Imagine that you have several branch offices that are using WAN demanding applications like Salesforce.com, Office 365, Virtual Desktops, Video Teleconferencing and more. You are using those expensive MPLS/VPN WAN connections as you don’t want to risk it and probably because when you started to work there it was already there and … why mess around with something that is working, right? Normally I would agree with that but when IT budgets are shrinking and the network needs to step up and support those business critical apps, there is no other way but to innovate.
At any given time your network carries information from LAN to WAN and vice versa, some is important and some is less important. In many cases as a network admin you don’t have the visibility to distinguish between them, so what do you do when those critical apps are starting to act up? Usually the answer will be to buy more WAN bandwidth and that will give the apps and the user experience behind them some breathing space. But all you’re doing is buying time. Buying time never solves the problem because you will need to treat the symptoms again in a few weeks or months.
However, you can solve the problem and not just treat the symptoms using Cisco Intelligent WAN or IWAN for short.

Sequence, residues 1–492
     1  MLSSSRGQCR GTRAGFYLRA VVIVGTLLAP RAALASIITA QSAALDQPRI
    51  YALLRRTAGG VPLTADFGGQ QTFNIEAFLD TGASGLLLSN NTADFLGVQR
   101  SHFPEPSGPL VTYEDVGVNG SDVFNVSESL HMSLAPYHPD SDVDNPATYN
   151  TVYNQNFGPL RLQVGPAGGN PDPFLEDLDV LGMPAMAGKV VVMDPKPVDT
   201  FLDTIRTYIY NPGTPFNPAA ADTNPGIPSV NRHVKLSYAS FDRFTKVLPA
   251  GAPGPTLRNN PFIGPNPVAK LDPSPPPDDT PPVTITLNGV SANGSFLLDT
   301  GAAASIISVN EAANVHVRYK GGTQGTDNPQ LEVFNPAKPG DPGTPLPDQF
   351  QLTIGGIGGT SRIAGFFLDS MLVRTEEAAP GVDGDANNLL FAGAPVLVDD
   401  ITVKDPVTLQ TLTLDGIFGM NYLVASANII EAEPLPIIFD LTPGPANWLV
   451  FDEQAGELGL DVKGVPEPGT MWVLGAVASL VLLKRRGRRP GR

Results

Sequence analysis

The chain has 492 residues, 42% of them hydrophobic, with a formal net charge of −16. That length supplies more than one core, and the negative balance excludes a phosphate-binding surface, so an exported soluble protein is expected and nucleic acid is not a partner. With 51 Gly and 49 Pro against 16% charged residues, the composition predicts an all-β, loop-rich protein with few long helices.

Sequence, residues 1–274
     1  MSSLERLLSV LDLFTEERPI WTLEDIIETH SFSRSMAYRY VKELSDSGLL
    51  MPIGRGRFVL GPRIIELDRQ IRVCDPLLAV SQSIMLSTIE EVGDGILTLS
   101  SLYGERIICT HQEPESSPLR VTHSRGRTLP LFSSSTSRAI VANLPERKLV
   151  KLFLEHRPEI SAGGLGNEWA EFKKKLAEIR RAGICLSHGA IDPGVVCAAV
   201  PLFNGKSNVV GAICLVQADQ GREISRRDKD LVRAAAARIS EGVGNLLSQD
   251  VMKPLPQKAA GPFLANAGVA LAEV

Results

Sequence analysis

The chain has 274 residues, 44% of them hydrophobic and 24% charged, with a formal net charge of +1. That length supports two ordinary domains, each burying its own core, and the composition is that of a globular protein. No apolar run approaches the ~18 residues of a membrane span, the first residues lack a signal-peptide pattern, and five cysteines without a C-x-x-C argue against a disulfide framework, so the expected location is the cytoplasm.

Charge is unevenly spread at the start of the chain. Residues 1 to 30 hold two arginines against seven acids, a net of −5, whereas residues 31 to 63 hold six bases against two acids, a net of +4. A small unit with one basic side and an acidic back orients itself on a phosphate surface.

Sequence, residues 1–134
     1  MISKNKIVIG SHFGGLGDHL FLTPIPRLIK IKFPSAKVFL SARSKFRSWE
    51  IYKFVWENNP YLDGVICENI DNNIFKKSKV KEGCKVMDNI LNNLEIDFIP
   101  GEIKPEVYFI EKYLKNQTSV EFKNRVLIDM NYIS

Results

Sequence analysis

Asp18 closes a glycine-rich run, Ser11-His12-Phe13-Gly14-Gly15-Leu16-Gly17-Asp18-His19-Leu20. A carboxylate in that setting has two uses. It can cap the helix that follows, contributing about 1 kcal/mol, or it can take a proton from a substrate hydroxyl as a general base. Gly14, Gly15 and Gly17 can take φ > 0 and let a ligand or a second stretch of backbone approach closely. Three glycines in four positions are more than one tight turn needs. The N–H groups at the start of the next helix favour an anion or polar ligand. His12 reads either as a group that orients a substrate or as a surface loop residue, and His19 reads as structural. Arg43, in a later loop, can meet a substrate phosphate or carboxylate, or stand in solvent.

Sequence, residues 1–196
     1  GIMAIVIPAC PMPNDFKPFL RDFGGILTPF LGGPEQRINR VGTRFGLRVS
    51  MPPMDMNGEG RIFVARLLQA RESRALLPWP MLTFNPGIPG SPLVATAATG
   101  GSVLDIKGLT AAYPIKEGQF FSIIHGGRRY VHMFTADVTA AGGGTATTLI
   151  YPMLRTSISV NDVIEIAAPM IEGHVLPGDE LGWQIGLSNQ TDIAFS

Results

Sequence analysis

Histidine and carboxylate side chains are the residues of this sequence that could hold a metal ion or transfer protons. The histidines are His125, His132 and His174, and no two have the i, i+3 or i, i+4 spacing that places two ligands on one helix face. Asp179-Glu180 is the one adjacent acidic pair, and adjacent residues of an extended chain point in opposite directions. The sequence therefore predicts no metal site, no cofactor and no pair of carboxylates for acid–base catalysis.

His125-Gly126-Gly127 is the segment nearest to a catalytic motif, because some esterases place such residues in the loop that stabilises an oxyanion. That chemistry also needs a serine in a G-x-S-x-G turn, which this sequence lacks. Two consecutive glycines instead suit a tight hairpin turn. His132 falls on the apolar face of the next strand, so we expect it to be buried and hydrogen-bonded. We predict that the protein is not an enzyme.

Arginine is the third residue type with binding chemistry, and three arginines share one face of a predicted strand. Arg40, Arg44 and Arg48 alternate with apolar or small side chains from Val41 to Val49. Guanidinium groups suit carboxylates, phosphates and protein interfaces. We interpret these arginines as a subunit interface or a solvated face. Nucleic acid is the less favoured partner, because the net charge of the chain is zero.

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Tags: AVC, Cisco Router, DMVPN, Intelligent WAN, ISR-AX, IWAN, PfR, QoS, waas, WAN Optimization
Studies show the importance of quality education when it comes to the development of a country. The education system of the 21st century is very different from a few years prior due to the technological advances. There is a massive change in the way information is accessed today.
We can no longer limit students to books for knowledge because of the plethora of information that students can access on the internet through the various devices. The Common Core Standards introduced in the United States aim to prepare students for the future in the 21st century. Read More »
Tags: byod, Common Core Standards, education, K12, mobility
We in IT are faced with many challenges from our end users. From IT costs to application performance, while always keeping an eye on our network security posture. This reminds me of a sign on the wall of my auto mechanic’s shop: Good, Fast, Low-cost. I was always told I am allowed to pick only two. I would of course question him, “why cant I have something with high quality, on time, and within budget?” This always made him smile, but he still told me I could only pick two.
So back to our IT challenges: Cost, Performance, and Security. Application performance is something we can all see, feel and touch. When thinking about performance, we need to also consider where these applications are coming from. Looking at applications like Microsoft’s Office 365, we are seeing mission critical applications from outside our data centers being delivered as Software as a Service (SaaS) solution. Does this matter to our end users? They sit at their PC’s, Tablets, Mac’s, etc. and know when something is not going fast enough. Their expectations are growing; they always expect the best performance. If they don’t feel their Outlook e-mail is opening fast enough or that the saving of their PowerPoint file is taking too long, they do not hesitate to let us know. And oddly enough, everyone just assumes it is the network. So not only do we need to think about our networks, but the Internet performance as well.